meal

mitzvah

the young rabbi, earnest and intense,
forgot to read your requested scripture passage
then, a shovel had to be asked for,
so each of us could cover you
with three mounds of warm earth
your daughter fussed a little but later went for shiva at the house
the sermon was almost too simple:
the greatest good deed is to bury the dead
for they cannot thank you
with these words, like grace before a meal
I was taught what I thought I knew—
invite those who are blind, the lame ...
and, in so doing,
you will discover worship at your table
when you welcome as a guest the throwaways of this world

Sister Lou Ella Hickman, IWBS, is a spiritual director in Corpus Christi, Texas.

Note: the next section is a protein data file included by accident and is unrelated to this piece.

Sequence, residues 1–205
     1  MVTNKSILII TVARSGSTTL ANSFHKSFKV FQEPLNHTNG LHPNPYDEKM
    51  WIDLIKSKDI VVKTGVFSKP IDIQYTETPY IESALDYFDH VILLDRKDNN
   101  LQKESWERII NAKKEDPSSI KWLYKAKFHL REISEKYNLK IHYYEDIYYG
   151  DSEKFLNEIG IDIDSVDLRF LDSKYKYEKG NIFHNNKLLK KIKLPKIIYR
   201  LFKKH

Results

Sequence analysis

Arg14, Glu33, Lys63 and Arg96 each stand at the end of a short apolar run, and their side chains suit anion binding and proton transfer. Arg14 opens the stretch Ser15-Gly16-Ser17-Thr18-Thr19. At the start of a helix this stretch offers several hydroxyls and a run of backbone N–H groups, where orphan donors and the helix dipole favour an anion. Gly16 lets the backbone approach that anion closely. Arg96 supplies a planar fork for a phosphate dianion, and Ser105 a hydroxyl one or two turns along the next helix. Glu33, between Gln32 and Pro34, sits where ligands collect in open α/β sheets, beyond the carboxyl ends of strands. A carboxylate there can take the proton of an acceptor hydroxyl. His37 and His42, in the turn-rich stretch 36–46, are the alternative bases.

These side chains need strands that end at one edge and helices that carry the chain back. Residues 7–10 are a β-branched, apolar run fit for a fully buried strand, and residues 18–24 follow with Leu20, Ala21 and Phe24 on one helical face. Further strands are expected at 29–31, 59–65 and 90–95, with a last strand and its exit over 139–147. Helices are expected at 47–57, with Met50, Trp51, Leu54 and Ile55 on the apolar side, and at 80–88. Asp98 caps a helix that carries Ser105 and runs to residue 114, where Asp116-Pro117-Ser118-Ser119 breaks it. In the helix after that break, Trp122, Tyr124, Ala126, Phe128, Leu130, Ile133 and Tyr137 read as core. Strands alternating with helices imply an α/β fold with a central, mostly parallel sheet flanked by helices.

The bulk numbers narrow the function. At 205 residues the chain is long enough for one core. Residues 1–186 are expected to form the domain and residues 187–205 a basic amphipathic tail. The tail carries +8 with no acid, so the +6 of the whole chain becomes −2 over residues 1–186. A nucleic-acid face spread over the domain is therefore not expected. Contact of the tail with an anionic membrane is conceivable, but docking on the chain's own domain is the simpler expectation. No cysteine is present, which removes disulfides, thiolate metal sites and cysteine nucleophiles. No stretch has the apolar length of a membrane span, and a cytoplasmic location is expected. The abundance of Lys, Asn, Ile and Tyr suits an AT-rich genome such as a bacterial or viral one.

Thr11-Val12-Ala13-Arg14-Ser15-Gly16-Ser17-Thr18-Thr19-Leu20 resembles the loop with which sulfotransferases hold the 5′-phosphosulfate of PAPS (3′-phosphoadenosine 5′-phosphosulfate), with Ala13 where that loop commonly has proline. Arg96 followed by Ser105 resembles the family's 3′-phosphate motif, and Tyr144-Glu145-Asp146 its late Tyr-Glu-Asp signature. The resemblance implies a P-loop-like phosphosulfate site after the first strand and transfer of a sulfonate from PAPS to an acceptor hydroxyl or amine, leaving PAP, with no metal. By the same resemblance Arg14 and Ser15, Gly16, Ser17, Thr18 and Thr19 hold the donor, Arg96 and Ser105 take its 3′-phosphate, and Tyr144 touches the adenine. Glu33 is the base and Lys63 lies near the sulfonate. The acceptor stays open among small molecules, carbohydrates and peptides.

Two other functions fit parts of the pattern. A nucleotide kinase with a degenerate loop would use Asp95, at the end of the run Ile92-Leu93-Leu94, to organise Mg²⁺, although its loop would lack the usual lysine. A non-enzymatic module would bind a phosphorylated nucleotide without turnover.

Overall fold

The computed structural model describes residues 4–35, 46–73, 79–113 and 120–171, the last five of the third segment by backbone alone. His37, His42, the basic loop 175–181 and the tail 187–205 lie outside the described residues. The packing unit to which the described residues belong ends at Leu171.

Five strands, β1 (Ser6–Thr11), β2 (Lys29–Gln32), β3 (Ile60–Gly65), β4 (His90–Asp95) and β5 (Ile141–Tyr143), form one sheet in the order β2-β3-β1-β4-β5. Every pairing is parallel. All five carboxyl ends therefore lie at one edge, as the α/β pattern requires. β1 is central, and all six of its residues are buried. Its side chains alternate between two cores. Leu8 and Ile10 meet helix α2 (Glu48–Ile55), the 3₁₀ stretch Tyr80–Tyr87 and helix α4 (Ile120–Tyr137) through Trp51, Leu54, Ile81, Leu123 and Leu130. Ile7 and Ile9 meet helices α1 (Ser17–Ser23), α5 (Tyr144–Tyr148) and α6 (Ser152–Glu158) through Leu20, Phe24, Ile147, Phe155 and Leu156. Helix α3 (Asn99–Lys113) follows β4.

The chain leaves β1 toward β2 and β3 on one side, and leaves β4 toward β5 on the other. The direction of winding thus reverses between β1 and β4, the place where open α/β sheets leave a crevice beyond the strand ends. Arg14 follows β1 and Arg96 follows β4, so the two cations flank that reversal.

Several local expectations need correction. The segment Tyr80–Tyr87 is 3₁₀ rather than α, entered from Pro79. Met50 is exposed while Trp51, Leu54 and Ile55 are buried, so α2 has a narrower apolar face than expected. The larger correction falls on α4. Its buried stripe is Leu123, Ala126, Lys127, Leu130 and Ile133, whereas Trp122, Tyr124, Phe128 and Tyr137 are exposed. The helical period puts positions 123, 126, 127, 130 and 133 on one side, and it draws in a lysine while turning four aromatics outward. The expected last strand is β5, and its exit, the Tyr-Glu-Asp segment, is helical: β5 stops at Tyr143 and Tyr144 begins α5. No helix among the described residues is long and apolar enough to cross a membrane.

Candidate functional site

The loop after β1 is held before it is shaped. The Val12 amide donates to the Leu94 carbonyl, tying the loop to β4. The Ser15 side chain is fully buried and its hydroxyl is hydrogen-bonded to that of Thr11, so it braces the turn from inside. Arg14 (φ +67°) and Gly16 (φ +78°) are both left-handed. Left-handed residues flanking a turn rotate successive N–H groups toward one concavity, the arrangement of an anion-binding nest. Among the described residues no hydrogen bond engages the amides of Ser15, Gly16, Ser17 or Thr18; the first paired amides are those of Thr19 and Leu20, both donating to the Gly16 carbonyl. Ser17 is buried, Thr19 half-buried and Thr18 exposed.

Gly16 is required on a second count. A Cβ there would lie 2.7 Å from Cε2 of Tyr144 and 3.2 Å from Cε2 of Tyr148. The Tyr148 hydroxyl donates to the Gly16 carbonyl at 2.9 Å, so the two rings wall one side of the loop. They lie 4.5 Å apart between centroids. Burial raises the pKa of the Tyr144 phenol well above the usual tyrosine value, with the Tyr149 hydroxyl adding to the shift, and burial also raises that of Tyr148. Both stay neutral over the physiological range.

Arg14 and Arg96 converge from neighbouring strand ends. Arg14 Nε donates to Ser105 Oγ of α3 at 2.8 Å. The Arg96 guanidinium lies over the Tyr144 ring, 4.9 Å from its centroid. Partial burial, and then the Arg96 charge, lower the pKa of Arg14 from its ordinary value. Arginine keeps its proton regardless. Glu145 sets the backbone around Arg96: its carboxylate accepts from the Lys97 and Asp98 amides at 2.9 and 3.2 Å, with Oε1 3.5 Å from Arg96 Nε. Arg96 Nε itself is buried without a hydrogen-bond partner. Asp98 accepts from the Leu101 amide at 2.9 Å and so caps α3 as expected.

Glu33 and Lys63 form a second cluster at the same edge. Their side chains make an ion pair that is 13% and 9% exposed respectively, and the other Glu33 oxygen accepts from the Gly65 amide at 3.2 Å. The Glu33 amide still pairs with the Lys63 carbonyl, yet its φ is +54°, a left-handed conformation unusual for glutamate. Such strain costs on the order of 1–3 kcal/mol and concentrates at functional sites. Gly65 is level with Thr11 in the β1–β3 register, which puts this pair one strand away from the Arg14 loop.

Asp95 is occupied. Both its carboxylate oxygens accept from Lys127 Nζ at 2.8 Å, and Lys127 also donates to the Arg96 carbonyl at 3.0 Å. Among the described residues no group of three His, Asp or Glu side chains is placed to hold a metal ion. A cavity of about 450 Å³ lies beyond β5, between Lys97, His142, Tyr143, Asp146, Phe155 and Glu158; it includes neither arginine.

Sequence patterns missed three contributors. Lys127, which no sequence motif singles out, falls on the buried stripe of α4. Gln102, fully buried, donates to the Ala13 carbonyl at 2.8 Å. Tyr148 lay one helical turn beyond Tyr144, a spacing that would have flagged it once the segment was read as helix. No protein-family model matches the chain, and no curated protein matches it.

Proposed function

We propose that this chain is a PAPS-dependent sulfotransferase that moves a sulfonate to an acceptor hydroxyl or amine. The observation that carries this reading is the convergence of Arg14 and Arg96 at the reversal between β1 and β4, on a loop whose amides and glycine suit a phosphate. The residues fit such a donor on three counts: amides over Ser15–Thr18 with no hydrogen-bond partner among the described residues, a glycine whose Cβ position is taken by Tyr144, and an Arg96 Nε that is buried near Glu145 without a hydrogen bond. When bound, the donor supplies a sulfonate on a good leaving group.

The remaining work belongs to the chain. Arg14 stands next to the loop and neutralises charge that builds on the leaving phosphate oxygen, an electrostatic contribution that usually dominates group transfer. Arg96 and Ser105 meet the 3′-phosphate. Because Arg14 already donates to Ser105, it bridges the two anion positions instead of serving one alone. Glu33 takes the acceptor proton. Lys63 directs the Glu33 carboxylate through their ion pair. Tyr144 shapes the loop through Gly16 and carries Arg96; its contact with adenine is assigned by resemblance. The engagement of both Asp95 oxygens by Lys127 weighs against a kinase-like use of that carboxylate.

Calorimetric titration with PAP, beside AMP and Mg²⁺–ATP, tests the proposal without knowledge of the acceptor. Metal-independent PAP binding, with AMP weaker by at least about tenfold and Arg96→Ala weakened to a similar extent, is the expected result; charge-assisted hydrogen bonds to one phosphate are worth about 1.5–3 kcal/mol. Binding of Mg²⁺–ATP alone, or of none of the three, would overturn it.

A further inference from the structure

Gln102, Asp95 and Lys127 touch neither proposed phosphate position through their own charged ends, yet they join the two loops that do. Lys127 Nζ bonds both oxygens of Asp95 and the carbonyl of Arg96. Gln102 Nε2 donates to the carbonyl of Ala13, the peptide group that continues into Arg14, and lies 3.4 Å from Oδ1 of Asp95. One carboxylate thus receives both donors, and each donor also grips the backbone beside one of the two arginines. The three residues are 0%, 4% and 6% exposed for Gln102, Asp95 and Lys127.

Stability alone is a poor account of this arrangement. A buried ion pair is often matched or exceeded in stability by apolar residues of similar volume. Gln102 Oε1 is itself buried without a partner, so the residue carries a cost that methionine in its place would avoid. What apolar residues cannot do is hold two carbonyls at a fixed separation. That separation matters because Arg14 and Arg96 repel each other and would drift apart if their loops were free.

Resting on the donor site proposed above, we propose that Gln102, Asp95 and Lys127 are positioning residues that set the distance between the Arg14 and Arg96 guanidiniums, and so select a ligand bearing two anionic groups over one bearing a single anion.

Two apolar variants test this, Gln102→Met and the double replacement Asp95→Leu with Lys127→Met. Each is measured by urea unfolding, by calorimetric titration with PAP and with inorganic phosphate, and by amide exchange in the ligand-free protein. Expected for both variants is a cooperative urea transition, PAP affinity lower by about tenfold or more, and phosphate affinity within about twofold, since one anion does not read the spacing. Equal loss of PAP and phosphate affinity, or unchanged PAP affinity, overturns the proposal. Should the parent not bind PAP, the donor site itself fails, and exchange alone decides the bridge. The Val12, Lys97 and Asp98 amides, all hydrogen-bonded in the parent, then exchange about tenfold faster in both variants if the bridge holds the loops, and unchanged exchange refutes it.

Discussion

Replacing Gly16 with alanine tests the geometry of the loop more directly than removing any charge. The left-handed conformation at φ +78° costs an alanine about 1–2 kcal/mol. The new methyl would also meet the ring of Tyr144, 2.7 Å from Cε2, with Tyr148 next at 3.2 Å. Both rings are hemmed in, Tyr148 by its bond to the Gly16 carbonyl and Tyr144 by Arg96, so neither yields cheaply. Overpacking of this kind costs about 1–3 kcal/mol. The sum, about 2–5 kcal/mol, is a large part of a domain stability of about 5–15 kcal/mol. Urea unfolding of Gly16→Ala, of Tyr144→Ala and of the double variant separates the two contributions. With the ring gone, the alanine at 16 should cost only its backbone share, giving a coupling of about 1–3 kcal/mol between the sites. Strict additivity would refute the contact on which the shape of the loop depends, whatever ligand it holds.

Image: bread on the ground, murengstockphoto / Shutterstock

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Some Protest, Others Celebrate Roe v. Wade with Festive Meals

Mary Wissink, pictured here with her dad, Al. Photo courtesy of Mary Wissink/RNS

Arriving home from school on Jan. 22, 1973, Mary Wissink noticed her mother was unusually animated.

The dining room table was pulled away from the wall for a festive meal. The linens were ironed. The smell of turkey, dressing, and sweet potatoes wafted through the house. Mom was polishing the silver.

Wissink, then a sophomore in high school, realized her mother had come home from work early to prepare a feast.

“Mary,” her mom said, “today you have the right to your own body.”

It was the day the U.S. Supreme Court affirmed the legality of a woman’s right to an abortion. Wissink and her family have been celebrating Roe v. Wade anniversaries ever since.

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